Good Practice examples

Featured examples

Wellbeing Diary

The Hub with university a partner developed an online self-reflective wellbeing diary. The diary is used by individuals to monitor their wellbeing where with multiple entries, users can compare and see there changes in wellbeing with graphs. The diary uses a holistic approach to wellbeing which encompasses 23 different wellbeing factors including compassion, sleep, burnout, self-harm, drug & alcohol use as well as more clinical mental health symptoms such as dissociation, avoidance and flashbacks. High level real-time data is used by the Hub to identify trends and percentage of staff struggling with different areas of wellbeing which the Hub can respond to, e.g. data showed that staff were struggling with sleep therefore the Hub responded by developing and providing CBT insomnia group sessions for individuals

Compassion for Self | Process

Hug in a mug

We are a small team of around 15 but we cover multiple clinical sites and don't often get together. We meet via MS Teams every morning for the Safety Huddle but there will be some weeks where you may not see some team members. We try to recognise and acknowledge moments of note during the huddle and on the group chat but we have also introduced the Hug in a Mug whereby team members take it in turns to fill the team mug with treats (usually individual to the person) and pass it on with a small note of thanks or acknowledgment for something they have done well or that we have appreciated. Or just to tell them we're thinking of them.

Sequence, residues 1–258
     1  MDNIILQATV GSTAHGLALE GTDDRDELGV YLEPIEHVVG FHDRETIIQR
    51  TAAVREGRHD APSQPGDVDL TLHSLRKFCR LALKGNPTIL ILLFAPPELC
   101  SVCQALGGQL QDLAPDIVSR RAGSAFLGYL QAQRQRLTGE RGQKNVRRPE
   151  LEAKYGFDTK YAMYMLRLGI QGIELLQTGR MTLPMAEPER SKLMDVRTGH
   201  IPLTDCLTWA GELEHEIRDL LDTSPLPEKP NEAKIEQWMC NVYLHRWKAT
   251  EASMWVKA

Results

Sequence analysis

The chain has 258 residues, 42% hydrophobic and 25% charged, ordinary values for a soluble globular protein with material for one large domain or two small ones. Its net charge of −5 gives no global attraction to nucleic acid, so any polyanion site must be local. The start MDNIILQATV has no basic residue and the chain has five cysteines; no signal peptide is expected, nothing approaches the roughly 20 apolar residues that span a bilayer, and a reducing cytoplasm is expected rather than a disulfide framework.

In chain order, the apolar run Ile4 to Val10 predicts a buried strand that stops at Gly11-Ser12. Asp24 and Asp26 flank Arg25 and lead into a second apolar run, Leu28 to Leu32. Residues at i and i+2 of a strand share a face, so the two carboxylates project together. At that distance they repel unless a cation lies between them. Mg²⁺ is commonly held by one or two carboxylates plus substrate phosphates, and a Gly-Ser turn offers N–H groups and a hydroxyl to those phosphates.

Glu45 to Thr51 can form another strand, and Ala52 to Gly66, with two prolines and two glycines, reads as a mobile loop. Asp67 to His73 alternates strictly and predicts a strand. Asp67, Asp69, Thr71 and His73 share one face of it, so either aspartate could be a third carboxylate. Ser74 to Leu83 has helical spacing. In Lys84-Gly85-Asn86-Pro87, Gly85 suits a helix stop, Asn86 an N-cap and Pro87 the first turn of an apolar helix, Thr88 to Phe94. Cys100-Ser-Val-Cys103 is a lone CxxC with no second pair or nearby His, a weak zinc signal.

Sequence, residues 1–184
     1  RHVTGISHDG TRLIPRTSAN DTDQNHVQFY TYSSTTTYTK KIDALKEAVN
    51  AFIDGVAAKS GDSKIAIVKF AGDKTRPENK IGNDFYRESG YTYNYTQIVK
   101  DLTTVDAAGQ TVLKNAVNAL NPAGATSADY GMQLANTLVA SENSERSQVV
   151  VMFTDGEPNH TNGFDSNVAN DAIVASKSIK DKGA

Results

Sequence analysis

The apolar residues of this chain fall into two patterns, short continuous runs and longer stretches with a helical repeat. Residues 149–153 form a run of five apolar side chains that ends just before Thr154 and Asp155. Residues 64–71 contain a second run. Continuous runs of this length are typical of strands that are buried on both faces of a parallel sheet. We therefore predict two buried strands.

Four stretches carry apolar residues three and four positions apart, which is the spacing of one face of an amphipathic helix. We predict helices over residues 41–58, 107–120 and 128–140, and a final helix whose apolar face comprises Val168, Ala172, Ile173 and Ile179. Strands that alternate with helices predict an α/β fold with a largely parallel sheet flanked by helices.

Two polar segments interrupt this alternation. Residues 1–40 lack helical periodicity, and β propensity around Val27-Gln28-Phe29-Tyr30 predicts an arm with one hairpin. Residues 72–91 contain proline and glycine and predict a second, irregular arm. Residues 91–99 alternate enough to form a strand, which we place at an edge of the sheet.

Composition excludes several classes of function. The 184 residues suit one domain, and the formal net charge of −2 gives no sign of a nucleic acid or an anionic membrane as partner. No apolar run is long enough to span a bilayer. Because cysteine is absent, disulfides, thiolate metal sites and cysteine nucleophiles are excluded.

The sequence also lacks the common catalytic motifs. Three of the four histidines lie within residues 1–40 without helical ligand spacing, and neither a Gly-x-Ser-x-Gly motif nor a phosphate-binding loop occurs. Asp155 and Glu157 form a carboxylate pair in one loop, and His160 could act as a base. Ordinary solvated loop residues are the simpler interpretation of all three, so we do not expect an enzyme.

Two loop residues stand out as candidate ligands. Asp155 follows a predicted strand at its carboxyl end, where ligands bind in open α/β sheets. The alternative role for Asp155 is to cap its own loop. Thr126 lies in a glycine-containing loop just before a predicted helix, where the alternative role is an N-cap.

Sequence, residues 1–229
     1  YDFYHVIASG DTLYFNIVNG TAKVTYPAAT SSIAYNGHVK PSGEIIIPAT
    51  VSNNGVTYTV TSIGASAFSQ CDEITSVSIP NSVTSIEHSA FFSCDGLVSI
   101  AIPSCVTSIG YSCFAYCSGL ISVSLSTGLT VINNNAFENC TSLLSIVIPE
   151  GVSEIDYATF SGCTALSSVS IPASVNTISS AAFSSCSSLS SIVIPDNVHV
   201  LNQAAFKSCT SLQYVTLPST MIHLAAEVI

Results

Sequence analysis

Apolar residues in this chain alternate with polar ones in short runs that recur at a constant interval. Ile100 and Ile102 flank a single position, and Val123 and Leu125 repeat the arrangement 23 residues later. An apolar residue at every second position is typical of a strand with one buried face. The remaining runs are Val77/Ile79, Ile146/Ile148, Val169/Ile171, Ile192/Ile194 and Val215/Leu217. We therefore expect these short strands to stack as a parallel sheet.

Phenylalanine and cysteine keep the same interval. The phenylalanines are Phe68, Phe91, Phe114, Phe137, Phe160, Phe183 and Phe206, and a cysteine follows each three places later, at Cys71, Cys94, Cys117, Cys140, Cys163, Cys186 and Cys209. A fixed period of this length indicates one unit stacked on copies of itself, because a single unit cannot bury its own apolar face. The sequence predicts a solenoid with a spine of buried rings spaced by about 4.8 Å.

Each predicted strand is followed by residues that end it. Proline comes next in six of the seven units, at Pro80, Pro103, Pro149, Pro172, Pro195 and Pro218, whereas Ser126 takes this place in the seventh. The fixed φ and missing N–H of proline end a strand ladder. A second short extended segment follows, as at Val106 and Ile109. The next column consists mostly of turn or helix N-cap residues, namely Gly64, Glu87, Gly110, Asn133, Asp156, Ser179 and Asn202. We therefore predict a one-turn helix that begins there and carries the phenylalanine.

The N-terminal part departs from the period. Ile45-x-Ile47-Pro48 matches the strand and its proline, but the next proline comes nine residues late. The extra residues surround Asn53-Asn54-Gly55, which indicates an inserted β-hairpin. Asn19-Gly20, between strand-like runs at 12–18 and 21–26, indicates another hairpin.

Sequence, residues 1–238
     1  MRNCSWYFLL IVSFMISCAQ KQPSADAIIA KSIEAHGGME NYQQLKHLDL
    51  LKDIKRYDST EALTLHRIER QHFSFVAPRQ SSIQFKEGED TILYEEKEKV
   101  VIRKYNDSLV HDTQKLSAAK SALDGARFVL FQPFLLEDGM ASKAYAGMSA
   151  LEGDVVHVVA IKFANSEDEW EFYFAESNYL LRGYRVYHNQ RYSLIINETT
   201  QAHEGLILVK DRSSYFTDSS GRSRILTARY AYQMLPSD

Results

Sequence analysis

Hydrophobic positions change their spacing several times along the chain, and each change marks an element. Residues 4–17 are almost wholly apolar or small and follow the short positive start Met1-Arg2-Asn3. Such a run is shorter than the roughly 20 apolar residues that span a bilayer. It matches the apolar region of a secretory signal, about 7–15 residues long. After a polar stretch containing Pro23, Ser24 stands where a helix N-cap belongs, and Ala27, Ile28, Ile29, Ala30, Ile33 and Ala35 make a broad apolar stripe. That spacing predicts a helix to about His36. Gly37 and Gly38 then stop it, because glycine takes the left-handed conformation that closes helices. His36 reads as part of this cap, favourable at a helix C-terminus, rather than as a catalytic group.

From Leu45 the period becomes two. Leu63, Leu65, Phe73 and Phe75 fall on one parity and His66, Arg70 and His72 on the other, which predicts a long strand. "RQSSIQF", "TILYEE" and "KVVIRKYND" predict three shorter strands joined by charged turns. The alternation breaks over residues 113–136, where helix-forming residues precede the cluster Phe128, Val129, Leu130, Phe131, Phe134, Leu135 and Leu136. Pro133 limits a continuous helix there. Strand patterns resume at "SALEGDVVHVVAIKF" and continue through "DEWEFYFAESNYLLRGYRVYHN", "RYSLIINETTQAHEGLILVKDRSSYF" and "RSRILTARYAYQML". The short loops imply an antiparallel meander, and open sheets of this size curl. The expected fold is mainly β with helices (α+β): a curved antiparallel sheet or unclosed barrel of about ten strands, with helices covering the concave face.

Compassion from Others | Interpersonal

All examples

Yoga

I engage in yoga as an activity that supports my own wellbeing . It makes me feel physically stronger as feel more toned and have greater muscle strength , which in turn supports my immune system. It also provides me with energy and a vitality each morning to support me being able to get on with my day ahead . Yoga also helps with my stress levels , reduces fatigue and can reduce my emotional reactivity to things . The joining together and focus on my breath and physical exercise, I find helps calm my mind at times when my brain can feel busy and full and it can help centre my attention onto the hear and now

Compassion for Self | Process

The power of movement

Through personal experience, I have a strong understanding of the huge benefits that physical activity has for mental wellbeing. Being able to run or walk in open spaces, particularly wild spaces, allows us to free our minds and bodies, to feel connected to the earth and to feel powerful and in control. I have many friends and acquaintances who work in caring roles who are equally passionate about running and are as vocal as I am about the way it allows them to turn their back on the stress of work. Running keeps them well and helps them find balance to the pressure of their professional roles. I would like to see workplaces supporting and encouraging opportunities for staff to access the outdoors for movement, no matter what that would be. Sometimes all people need is permission to breathe to begin to thrive.